Monday, August 8, 2011

In praise of Scottish Museums

When the  Burrell collection first opened it created a buzz in the museum world much wider than its native Scotland, which was driven by a number of factors. First of all the building 3 miles from the centre of Glasgow was a stunner, since voted Scotland’s second greatest post war building. Secondly the collection was eclectic, including as it does everything from mediaeval architectural features, arms and armour, Islamic art, to Impressionist paintings and modern sculpture, all put together by one man, Sir Walter Burrell in the late 19th and early 20th century. And thirdly the setting in the historic Pollock Country Park allows for the place to be a destination for family days out.

At the time of opening (1983) it provided a focus on Scottish museums which had hitherto been seen as somewhat parochial.

So when the City of Glasgow reopened their city museum and art gallery in 2006 in the Victorian splendour of Kelvingrove(interestingly voted by locals Glasgow’s favourite building), the museum sector seriously sat up and watched what was happening in Scotland. Kelvingrove has since gone on to win various awards and is currently the most visited museum in the UK outside London. Again like the Burrell it combines a stunning building with eclectic displays housed within. The spitfire fighter plane zooming low over the stuffed elephant in the grand entrance hall says it all.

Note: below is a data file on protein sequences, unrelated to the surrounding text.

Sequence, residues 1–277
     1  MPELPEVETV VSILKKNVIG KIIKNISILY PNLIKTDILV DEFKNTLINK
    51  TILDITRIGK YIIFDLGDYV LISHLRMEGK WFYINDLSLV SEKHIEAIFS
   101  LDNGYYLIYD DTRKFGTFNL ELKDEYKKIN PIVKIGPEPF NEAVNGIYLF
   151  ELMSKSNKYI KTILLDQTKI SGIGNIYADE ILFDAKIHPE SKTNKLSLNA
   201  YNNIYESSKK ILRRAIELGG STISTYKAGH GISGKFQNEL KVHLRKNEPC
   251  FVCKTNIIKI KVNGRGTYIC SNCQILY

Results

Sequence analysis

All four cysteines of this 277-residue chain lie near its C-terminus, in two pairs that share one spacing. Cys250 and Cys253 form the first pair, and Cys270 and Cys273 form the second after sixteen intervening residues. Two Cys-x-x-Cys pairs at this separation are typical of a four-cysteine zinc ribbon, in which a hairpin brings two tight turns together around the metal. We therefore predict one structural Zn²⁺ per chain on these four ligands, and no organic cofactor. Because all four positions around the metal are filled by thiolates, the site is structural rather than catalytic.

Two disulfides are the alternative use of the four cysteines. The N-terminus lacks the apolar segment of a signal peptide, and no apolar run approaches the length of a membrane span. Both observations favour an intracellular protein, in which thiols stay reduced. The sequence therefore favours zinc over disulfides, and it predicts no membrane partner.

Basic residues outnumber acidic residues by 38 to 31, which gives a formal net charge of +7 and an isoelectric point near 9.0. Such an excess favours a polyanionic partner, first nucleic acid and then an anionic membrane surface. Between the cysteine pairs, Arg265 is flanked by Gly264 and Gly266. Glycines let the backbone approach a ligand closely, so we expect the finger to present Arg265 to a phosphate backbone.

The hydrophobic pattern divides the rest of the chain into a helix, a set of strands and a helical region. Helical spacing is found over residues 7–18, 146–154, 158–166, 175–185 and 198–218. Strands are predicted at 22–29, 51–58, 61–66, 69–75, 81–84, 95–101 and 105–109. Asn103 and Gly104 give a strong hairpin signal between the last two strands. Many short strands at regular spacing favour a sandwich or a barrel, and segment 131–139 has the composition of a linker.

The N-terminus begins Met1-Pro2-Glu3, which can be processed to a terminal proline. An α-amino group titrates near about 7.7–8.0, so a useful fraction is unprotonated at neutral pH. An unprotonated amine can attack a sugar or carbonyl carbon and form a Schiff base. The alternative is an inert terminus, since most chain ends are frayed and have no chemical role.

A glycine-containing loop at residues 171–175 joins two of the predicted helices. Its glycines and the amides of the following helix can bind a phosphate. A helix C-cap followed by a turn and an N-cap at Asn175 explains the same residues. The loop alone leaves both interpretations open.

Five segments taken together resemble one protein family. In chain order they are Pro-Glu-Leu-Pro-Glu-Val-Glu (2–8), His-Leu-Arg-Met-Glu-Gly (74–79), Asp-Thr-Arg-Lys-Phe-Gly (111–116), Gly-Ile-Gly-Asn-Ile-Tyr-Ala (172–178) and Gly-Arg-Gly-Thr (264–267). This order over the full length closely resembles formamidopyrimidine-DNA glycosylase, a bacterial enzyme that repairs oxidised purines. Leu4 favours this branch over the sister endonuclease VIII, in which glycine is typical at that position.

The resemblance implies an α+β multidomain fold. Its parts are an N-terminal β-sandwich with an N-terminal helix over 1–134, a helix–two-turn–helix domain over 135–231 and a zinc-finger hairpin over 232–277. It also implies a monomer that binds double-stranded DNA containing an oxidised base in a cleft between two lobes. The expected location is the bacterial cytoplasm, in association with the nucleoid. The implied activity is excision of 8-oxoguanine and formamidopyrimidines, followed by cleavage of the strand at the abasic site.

So it’s great to see excellence being piled onto excellence with the opening of the refurbished  National Museum of Scotland in Edinburgh two weeks ago. Once again we see similar ingredients, a magnificent Victorian building displaying a ‘gloriously eclectic archive of objects that Scottish explorers, inventors, soldiers and scientists brought back from their travels’ ( to quote the Sydney Morning Herald’s Travel editor - yes it even got the lead story in the paper’s Travel section last week end). That eclecticism is manifested in a great white shark alongside the world’s oldest surviving colour television and Alexander Fleming’s Nobel Prize medal. And the visitor numbers show what the public makes of it, 6,000 visitors in the first hour, and 22,000 on the first day of reopening and 100,000 in under a week.

You could say the challenge is in keeping those visitors coming back, but certainly Kelvingrove is showing it can. The broader lessons to my mind are that a) never underestimate the power of a great building as part of the visitor attraction to museums, and b) that we have an audience out there that loves eclecticism, the quirkiness of collecting and the stories that such objects can tell.

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